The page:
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Pentagram

‘Netflix Queue’

Brand Identity, Editorial Design

A new print journal gives readers insight into the process of creating great entertainment for the global streaming service and beyond.

Queue is the new journal from the global streaming service Netflix, launching in August 2019. Presented in an oversized format, the publication offers a place for the diverse Netflix family to share their stories and give readers insight into the process of creating great entertainment for the platform and beyond. Pentagram worked closely with Netflix to create the look and feel of the journal, including the name, brand identity and editorial design, as well as art direction and messaging.

Pentagram collaborated with a team at Netflix to create Queue. The challenge for the team of editors and designers was extending the Netflix experience to a journal that would engage audiences and showcase talent in a way that felt true to the brand. Netflix produces and presents a wide range of content across different categories––everything from signature series like “Orange Is the New Black,” “Stranger Things” and “The Crown,” to original films like “Roma,” documentaries like “Our Planet,” and music and comedy specials––and the publication had to find a way to accommodate this variety while still feeling cohesive.

The journal highlights this diversity right from the start. Pentagram and Netflix developed the name “Queue,” a call back to when the company first went into streaming and members would add shows to their lineup of what to watch next on the platform. The journal’s tone of voice and visual personality is smart, engaging and universal, in line with Netflix and its programming. For inspiration, the team looked at stylish journals as well as classic movie magazines of the 1950s and 1960s, which gave readers insider, behind-the-scenes access to stars and production, but in a fun, glamorous way. Netflix viewers love to talk about their favorite shows, and Queue gives them a water cooler in magazine form, a place to start, encourage and inform the conversation.

Netflix wanted Queue to set itself apart yet still feel like part of the Netflix brand universe. The design has just a hint of the branding, but establishes its own presence. The iconic red Netflix monogram shows on the spine, and the brand colors of red, black and white are subtly integrated into the cover and table of contents. The cover design features a large letter “Q” with the new “Queue” logotype as the tail. The letter doubles as a portrait frame and a window into the world of Netflix. (The first cover features Eddie Murphy photographed by Mark Seliger.)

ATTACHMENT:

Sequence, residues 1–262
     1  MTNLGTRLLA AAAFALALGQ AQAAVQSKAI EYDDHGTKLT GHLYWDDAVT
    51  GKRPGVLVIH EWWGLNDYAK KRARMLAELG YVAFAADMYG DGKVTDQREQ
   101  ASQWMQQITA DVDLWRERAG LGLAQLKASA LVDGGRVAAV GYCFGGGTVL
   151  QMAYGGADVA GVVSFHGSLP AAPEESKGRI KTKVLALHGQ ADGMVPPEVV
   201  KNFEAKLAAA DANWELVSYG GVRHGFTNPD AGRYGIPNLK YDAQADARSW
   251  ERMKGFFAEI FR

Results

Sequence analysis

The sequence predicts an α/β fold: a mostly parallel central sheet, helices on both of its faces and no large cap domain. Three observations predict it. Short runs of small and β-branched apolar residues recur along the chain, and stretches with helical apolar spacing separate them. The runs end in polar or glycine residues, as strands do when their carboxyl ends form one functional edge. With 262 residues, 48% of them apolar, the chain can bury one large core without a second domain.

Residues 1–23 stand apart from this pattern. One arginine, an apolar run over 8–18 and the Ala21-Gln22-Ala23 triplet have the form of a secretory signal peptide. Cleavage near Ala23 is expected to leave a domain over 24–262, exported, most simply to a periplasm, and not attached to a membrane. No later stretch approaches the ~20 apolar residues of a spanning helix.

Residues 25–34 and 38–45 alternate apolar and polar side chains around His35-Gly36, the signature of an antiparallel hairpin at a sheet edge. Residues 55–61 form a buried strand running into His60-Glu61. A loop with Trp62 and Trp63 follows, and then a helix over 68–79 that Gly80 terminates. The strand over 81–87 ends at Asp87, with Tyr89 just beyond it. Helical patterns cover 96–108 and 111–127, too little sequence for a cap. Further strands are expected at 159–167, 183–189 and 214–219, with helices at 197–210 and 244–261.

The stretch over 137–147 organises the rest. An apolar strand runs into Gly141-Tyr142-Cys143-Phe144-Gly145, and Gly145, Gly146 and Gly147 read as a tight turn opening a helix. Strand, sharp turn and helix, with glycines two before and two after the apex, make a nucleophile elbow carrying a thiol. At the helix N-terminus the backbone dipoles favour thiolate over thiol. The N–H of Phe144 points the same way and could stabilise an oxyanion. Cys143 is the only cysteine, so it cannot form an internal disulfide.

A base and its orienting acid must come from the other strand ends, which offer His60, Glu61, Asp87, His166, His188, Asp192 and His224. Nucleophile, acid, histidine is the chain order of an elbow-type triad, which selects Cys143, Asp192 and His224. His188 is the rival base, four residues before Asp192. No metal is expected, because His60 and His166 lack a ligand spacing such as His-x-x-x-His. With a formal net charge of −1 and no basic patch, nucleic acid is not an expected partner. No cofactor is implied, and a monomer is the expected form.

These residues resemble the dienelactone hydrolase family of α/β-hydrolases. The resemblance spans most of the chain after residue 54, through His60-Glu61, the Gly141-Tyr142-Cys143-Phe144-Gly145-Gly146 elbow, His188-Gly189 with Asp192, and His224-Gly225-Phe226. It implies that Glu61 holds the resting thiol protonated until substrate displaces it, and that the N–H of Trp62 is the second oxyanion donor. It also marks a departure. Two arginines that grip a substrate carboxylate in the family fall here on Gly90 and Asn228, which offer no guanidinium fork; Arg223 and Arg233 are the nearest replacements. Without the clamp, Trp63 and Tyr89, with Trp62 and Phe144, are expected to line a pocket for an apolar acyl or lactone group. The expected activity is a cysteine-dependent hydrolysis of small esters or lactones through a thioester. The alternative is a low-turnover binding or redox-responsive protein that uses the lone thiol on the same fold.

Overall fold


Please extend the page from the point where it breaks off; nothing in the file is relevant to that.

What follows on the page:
The Pentagram team helped shape the journal, working on the structure and pacing and creating features and departments to showcase all sorts of content. The page map evolves the hierarchy of a traditional magazine structure––where a defined front-of-book leads into a glossy well—for something more organic and free-flowing. Quick, unexpected pieces are mixed in with longer takes, creating a Netflix-like variety of options that readers can browse and sample, then settle in for longer articles and interviews.

Pentagram also worked with the Netflix team creating headlines and decks that helped set the tone for language throughout the magazine.  The table of contents is titled “In the Queue,” and headlines include “On Repeat,” about the music in “Russian Doll”; and “Dead to None,” an interview with Christina Applegate, the Emmy-nominated star of “Dead to Me,” highlighting her rich career and continued relevance.

Like the programming on Netflix, the journal is filled with striking visuals, many specially commissioned for the issue, including cast portraits and behind-the-scenes photos, as well as a wealth of illustrations. Pentagram partner Giorgia Lupi contributes a data visualization (called “Film Strips”) that maps the network of credits among a “constellation” of stars who have worked together across multiple projects in multidisciplinary roles, both inside and outside the world of Netflix.

Office
New York
Partners
Luke Hayman
Emily Oberman
Project team
Shigeto Akiyama
Laura Berglund
Timothy Cohan
Ryan Smith
Jenny Hung
Shira Inbar
Shannon Jager
Joey Petrillo
Collaborators
Ayanna Quint, photo editor
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